Taxes: seems like they’ve always been around

April 5, 1995

ANN ARBOR—Whether you’re wrestling with a 1040, IT40PNR, or 1120S, the annual ritual of paying taxes is no picnic. Nor is it new. Even folks from the second century had tax deadlines to meet.

Sheets of papyrus and pottery shards held in the University of Michigan’s Papyrus Collection reveal a number of similarities between taxes then and taxes now.

Current tax forms can be filed via the mails or computer, but in ancient Egypt, the method was the tax roll. One such roll held in the U-M collection is 106 feet long and lists 600 adult males who paid taxes during an 11-month period of one tax year. The official tax collector had agents working in villages, going house to house collecting what was due on a vast array of items, including capital, trade, and land.

When confronted by the collector, the head of the household would hand over the money required, and, in return, would get a receipt on the spot. However, says Traianos Gagos, curator of the U-M collection, that receipt was often written on a pottery shard. The collector would just reach into the street, pick up one of many broken pottery pieces and write the payer a receipt.

“There were cases,” Gagos says, “where people either didn’t pay or were in arrears, leading to their flight from the countryside to lose themselves in the more populous city of Alexandria.” Emperors could and did decree that people not move from city to city or even neighborhood to neighborhood, thereby assuring accurate tax collection.

The tax agents returned to their headquarters each day to enter the collections into what amounted to a daybook. Taxes in ancient Egypt could be paid in cash or “in kind” depending on what was being taxed.

As in today’s tax program there were exemptions to the general tax regulations. Some classes of people were exempt from paying certain taxes. No Roman citizen or physician had to pay a capital tax.

Keeping track of who lived where and how many in a household were to be taxed depended on the census report, a count taken every 14 years by reporters going house to house. If someone listed on the census was no longer a part of that household when the tax collector knocked, the agent came back to investigate, inquiring about death reports or new addresses.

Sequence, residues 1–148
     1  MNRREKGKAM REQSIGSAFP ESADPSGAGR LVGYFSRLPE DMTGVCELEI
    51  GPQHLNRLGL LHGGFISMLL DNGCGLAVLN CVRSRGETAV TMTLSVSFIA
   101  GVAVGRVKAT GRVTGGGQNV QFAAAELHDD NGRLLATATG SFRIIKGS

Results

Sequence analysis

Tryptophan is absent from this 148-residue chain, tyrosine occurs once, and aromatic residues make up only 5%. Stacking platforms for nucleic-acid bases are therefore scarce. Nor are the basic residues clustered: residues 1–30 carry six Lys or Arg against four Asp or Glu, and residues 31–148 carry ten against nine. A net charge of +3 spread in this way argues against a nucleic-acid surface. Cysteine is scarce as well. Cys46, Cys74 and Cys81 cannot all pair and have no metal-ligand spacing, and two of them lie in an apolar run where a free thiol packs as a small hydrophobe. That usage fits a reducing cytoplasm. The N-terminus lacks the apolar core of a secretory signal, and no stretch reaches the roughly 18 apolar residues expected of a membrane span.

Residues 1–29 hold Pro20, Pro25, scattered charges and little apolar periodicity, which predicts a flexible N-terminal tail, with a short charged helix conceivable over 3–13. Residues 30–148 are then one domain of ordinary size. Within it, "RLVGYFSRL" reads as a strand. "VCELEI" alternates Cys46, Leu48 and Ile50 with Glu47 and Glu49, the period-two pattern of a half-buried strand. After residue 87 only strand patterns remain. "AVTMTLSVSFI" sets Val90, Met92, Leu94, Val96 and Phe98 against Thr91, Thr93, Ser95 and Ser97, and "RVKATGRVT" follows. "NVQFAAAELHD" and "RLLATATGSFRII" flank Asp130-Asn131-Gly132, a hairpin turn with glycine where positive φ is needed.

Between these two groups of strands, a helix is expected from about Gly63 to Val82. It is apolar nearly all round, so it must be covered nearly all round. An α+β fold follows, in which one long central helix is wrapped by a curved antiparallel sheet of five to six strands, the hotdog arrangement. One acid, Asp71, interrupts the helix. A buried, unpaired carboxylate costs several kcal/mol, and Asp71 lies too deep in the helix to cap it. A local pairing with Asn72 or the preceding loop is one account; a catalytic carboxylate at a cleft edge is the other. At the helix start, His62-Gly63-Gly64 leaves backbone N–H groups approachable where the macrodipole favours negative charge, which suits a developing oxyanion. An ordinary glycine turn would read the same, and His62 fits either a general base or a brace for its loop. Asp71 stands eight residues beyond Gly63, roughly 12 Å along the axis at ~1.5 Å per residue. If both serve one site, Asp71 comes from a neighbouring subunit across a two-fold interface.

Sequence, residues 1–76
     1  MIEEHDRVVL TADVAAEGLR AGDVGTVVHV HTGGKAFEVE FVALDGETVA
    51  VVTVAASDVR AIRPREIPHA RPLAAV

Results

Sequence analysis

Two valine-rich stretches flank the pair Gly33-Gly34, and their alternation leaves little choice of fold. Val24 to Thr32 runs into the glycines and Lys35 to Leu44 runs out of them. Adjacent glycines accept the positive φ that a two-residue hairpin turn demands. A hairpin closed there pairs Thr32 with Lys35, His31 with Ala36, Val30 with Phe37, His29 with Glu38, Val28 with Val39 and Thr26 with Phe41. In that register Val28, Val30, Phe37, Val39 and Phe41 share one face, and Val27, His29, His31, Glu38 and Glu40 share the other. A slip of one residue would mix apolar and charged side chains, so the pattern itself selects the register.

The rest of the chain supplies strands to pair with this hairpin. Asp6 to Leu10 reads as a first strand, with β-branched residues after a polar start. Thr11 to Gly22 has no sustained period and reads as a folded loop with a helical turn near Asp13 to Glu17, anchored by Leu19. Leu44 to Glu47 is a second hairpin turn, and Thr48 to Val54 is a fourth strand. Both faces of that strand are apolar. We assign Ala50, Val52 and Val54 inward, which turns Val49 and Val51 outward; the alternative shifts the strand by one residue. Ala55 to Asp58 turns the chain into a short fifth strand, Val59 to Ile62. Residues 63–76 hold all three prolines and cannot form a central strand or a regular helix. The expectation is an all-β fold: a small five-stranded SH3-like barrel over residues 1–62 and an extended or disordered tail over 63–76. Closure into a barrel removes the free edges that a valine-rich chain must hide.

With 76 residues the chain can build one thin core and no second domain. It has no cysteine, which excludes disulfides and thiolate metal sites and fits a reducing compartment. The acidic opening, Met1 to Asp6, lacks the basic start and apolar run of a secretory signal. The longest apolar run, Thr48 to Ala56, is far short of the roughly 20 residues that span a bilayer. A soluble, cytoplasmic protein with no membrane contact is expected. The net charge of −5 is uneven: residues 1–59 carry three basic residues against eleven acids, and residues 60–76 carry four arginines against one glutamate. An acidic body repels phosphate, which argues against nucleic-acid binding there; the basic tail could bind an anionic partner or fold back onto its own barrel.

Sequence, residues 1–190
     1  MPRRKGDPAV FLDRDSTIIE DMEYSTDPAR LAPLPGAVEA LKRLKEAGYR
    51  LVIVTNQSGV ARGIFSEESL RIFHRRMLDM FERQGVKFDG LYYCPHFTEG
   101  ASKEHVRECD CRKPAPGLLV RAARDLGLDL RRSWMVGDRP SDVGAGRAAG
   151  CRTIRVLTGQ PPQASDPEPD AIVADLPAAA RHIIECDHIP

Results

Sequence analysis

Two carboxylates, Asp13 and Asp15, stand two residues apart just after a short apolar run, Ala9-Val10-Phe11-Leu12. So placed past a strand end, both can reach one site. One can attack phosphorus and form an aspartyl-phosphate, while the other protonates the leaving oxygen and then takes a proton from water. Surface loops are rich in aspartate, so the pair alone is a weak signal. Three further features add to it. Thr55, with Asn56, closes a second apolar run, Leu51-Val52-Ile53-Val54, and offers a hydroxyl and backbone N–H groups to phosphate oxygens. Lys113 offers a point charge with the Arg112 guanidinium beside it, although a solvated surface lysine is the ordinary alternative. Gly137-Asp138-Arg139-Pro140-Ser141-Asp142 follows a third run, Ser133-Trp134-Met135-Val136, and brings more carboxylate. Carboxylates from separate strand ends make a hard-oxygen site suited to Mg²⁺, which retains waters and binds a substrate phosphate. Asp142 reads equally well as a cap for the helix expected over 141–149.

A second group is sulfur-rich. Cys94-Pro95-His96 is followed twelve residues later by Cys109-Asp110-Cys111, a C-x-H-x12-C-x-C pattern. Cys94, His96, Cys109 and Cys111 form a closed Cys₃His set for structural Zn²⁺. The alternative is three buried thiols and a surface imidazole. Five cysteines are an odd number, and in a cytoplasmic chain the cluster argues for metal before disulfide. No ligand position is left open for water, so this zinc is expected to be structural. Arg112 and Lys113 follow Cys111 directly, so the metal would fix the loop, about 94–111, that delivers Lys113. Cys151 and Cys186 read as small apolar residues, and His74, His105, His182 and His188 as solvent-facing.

“At that time,” Gagos says, “taxes were based on the whole community and then broken down as to what each family and then each individual owed. Citizens 14-62 years old were expected to pay their share of the assessed tax.”

Family members had to pay for a missing citizen or furnish birth, death, or any other records that would lead the collector to the person trying to evade paying his share. The census was a big help in these instances, Gagos says. Census reports not only included the names of people in a household, their material goods and slaves, but also listed individuals’ physical characteristics such as “long nose, dark skin” and the description and location of scars.

Tax rolls providing demographic information are just part of the varied information contained in U-M’s papyrus collection, the largest in the Western Hemisphere and considered by scholars to be the most prestigious.

EDITORS: Contact Traianos Gagos at (734) 764-9869, (734) 662-1543 or at


Papyrus CollectionTraianos